Scientists released the first photos of a squishy, semi-transparent octopus last spring. Adults are about the size of an open human hand. Because of its haunting appearance, the scientists nicknamed it Casper, after the cartoon ghost. Now some researchers worry that these animals could soon disappear for real. That’s because these animals lay their eggs where companies are looking to mine valuable metals for use in electronics.
Autun Purser is a marine ecologist. As such, he studies the relationship of marine creatures to each other and their environments. Purser works at the Alfred Wegener Institute in Bremerhaven, Germany. In 2015, he and his team spent five weeks exploring the deep seafloor near where Casper had been photographed. This was in the South Pacific, off the coast of an island near Hawaii.
At this spot, rocky nodules litter the seafloor. They look a bit like potatoes. These nodules contain metals such as manganese, which are used to make electronics. And that interests mining companies, looking to supply electronics companies. If mining teams go after them, their activities might accidentally disrupt the environment that nurtures Casper and his kin.
“The nodules grow like pearls,” explains Purser. “They usually start growing over a shark’s tooth or a bit of broken shell. Slowly, over time, they form layers of rock.” These layers tend to include some of the metals now used in cell phones and computers.
While these metals can be found on land, rich deposits on land have already been mined. There is currently no deep-sea mining for these metals. But companies are considering it. “We thought we should try to understand what animals are in the area before we start mining,” Purser now reports.
His research team sent a swimming robot down to the seafloor. This site was more than 4 kilometers (about 2.5 miles) below the surface. The robot towed a camera, which took pictures. Those photos turned up 29 octopuses from two different species. Two individuals were curled around their eggs. This egg protection behavior is known as brooding.
The octopuses had laid their eggs on the dead stalks of sea sponges. Those stalks resemble stiff blades of grass. Purser suspects the octomoms may guard their eggs like this for more than a year. That guess is based on work by other researchers who had monitored a similar octopus in shallower water. It had laid its eggs on the edge of an underwater cliff. The researchers sent down a camera every month to check on it. It took more than three years before its eggs hatched.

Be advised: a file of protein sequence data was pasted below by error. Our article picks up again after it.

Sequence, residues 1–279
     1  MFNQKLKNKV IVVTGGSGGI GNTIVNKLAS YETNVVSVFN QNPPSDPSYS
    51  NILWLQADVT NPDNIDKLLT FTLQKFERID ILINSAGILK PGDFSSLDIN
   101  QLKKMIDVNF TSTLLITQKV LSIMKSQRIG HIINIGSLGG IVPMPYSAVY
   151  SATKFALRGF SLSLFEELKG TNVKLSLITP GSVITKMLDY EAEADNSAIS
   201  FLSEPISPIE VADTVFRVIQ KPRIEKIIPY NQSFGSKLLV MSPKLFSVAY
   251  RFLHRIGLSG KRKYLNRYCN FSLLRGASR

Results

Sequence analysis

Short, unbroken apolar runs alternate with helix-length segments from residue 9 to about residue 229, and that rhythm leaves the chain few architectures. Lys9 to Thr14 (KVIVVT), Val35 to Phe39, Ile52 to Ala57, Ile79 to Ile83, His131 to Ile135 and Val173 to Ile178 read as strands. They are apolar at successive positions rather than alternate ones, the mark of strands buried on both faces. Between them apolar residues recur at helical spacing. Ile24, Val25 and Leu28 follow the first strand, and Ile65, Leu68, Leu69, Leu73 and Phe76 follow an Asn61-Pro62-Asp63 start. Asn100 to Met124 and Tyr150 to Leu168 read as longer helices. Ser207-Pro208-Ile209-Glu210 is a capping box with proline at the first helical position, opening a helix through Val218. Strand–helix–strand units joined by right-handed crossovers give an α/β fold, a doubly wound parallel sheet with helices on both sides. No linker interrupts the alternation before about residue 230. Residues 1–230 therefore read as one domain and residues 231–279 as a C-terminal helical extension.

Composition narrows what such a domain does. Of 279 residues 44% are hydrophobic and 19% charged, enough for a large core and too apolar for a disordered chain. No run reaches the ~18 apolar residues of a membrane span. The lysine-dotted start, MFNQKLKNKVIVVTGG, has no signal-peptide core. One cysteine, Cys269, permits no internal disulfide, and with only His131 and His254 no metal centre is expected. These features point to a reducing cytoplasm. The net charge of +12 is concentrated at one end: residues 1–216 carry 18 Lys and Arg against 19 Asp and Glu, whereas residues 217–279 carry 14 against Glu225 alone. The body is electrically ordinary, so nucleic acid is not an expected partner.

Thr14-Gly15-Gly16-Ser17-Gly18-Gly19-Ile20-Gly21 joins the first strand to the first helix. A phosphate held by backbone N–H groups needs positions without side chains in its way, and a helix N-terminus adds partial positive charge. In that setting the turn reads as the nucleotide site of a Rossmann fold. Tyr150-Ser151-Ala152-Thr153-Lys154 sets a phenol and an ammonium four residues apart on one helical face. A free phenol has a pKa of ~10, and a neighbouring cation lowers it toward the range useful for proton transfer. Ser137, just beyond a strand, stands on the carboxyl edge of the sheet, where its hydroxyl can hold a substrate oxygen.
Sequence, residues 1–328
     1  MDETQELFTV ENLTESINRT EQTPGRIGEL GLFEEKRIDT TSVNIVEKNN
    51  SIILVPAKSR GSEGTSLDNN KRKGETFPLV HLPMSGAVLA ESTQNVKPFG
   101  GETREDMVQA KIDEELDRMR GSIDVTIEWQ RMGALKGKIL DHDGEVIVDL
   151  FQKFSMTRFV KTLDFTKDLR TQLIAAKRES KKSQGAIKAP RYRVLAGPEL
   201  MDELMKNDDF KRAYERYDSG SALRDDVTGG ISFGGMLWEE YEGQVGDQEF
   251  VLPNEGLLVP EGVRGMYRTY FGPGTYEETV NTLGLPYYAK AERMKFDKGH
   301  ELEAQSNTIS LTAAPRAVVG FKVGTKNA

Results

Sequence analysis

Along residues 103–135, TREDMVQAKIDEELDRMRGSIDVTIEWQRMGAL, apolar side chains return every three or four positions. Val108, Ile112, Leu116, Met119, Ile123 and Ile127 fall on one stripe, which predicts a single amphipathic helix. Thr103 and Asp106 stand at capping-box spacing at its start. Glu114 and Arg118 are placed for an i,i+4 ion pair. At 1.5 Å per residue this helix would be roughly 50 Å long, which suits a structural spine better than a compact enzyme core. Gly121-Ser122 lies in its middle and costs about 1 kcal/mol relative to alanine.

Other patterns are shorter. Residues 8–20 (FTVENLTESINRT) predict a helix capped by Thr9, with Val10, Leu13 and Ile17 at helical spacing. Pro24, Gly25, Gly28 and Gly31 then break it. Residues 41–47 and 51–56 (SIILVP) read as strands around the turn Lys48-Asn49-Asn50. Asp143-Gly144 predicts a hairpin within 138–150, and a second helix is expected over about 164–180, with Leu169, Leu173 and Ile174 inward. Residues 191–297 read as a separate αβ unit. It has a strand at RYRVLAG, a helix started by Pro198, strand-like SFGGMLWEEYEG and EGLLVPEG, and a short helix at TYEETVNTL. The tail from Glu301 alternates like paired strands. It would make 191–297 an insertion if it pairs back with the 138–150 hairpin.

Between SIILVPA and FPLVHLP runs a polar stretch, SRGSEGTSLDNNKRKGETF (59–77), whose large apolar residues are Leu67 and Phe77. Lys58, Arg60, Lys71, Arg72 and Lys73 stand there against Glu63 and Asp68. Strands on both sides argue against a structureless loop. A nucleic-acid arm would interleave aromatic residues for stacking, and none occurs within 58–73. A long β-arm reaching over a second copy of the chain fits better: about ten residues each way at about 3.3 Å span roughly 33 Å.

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Unfortunately for Casper’s species, the sponges where it lays its eggs grow atop the rocky nodules that mining companies have begun eying. The octopuses also seemed to feed around the nodules and to hang out in seafloor structures, such as surface cracks and the metal-rich nodules.
Deep-sea mining for metals might one day take place across large sections of the seafloor. Powerful vacuums might suck up nodules and bring them to the surface. Or perhaps a system of dredgers or buckets attached to a conveyer belt would haul up the nodules. Either way, the process would likely wreak havoc on the seafloor ecosystem to which these octopuses belong.
The broad scale of mining being considered might one day “impact areas the size of small countries” — and do that every few years, says Daniel Jones. He is a marine biologist with the National Oceanography Centre, in Southampton, England. He has studied similar environments in the eastern Pacific, including areas with manganese nodules. It’s important that biologists learn what’s living in these areas and the ecosystem impacts of mining, he says, so that companies can make wise decisions on where it’s safest to mine metals.
Jones says Purser’s work “is critical for enriching our understanding of this poorly-known deep-sea environment.” The octopus researchers, he adds, “are not only revealing important information for marine biology but also bringing to life an enchanting character in the complex story of life in the deep sea.”
The Alfred Wegener team has some idea of what might be at stake. In the mid-1980s, other researchers from their institute pretended to mine the seafloor near Hawaii. They dragged a type of plow across roughly one square kilometer (0.4 square mile) of seafloor. This wiped it clear of nodules. Then they waited see how long it took for the seafloor to return to its pre-mined state.
Purser and his team are now investigating the differences between the plowed and unplowed sites. They have yet to analyze all of their data. But as far as they can tell, even after 30 years none of the nodules have returned. That means no sea sponges. And no sponge stalks on which Casper’s kin can lay their eggs.
If companies do mine the seafloor, Purser hopes they will do it in small patches. That should preserve large areas of nodules. “It would be nice to say don’t do any mining,” he says, “but we all use mobile phones.”